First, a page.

Concentrator photovoltaic module based on surface mount technology

Share

Scientists from the Université de Sherbrooke in Canada have fabricated a prototype of a concentrator photovoltaic (CPV) module based on the so-called surface-mount technology (SMT) – a technique that is commonly used to mount electronic components to the surface of a printed circuit board (PCB).

The proposed SMT design used no wire bonding for cell emitter connection and is intended to increase heat dissipation in the CPV panel, which in turn reduces its operating temperature and increases its performance.

“The SMT, which uses a conductive solder paste for interconnection, has the advantage of being less expensive and faster for large-scale production, and SMT equipment takes up less space than wire-based wiring equipment,” they explained. “We have developed and employed the SMT process, which integrates assembly flexibility and enhanced alignment of solar cells, to assemble the solar cells larger than a millimeter in size.”

The 4-solar cell CPV module prototype uses a Fresnel lens to concentrate light onto cells soldered on a transparent glass PCB and protected by lamination layers. The emitter contacts are soldered through conductive solder joints to a glass PCB, which embeds metal tracks for the non-soldered areas. Transparent underfill fills the gap between the solar cell and the PCB to prevent reflections at the interfaces of the module's bottom plate.

“Underfill fillets protect the sides of the solar cell to prevent short circuits and contribute to the thermomechanical stability of the assembly,” the research team stated. “The back face of the assembly is laminated with an EVA encapsulant and a Tedlar protective sheet to preserve the solar cells from the environment.”

Schematic of the CPV module

Image: Université de Sherbrooke, Solar Energy Materials and Solar Cells, Common License CC BY 4.0

The four cells used in the device are non-interconnected with each other, and are triple-junction III-V germanium solar cells, each with an active surface area of 8.751 mm2. The cost of solar cells based on compounds of III-V element materials, named according to the groups of the periodic table that they belong to, has confined the devices to niche applications, such as drones and satellites. These are applications where low weight and high efficiency are more pressing concerns than costs.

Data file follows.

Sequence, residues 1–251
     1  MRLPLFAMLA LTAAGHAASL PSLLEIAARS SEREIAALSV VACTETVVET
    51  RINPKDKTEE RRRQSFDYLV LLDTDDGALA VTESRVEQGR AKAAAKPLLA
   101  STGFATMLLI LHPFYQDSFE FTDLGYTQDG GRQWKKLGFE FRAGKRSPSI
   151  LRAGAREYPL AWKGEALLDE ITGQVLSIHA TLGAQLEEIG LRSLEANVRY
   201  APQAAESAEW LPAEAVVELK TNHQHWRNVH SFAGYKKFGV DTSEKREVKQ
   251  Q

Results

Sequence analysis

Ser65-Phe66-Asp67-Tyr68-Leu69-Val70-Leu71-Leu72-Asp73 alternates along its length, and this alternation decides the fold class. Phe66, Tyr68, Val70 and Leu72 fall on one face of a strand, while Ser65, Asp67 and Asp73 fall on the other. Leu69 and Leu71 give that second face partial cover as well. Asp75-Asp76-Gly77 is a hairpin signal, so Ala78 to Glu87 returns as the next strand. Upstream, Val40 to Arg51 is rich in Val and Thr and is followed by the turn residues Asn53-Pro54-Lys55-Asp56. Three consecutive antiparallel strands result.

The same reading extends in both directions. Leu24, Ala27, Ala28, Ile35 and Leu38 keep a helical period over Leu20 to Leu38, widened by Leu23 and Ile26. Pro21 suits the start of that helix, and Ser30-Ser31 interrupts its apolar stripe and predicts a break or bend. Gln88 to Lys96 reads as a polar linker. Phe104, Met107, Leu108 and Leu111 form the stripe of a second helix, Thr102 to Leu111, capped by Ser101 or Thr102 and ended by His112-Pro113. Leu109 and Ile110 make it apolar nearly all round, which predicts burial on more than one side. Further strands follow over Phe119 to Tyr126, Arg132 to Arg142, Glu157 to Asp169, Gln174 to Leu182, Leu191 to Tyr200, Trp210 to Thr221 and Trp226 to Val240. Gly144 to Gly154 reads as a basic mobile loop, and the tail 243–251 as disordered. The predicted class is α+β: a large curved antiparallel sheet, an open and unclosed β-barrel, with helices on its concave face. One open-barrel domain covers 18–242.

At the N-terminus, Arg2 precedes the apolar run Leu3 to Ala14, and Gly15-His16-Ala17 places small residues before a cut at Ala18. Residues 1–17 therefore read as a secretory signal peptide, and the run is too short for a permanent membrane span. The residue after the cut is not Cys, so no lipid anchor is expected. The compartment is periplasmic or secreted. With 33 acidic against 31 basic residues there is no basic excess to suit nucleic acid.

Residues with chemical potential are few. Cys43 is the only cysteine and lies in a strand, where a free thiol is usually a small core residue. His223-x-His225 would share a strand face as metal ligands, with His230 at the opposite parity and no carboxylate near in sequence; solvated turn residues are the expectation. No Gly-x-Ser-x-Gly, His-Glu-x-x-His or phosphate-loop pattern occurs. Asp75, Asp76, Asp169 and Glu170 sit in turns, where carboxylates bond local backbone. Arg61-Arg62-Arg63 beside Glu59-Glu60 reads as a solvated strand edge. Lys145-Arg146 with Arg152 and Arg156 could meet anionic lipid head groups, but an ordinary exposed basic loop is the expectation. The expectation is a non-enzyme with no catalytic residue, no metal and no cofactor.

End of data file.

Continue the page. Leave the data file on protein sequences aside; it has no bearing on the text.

The scientists mounted the 4-cell CPV SMT module on a 2-axis solar tracker from the Helios platform at the University of Sherbrooke.

Popular content

The group took a series of electrical and temperature measurements on the system under real operating conditions and also conducted a series of simulations based on the finite element model (FEM), which is a numerical technique used to perform finite element analysis (FEA) of physical phenomenon.

Through their analysis and experiments, the academics found that the dimensions of the metal ribbon at the back of each cell and the metal coverage ratio of the PCB are key factors for the thermal management of the CPV module, while the other components have a negligible impact on the module temperature.

“The temperature of the solar cell can be kept below 80 C over a wide range of dimensions of the metal ribbon behind the solar cell, both for a metal coverage of the PCB of 0 % or 100 %,” they further explained. “However, this dimensional range is much wider when the metal coverage ratio is 100 % than when the metal coverage ratio on the PCB is 0 %.” The simulation also showed that the temperature of the solar cells may reach 54 C with a copper ribbon and 57 C with an aluminum ribbon.

The system was described in the paper “Finite element modeling and experimental validation of concentrator photovoltaic module based on surface Mount technology,” published in Solar Energy Materials and Solar Cells. “These results demonstrate that in addition to simplifying the assembly process, using SMT for CPV modules fabrication can enhance heat dissipation both by the metallic layer on the glass PCB and on the back side contact,” the researchers concluded. “This opens the door to simpler CPV modules, higher performance CPV modules and higher concentration ratios.”

 

This content is protected by copyright and may not be reused. If you want to cooperate with us and would like to reuse some of our content, please contact: editors@pv-magazine.com.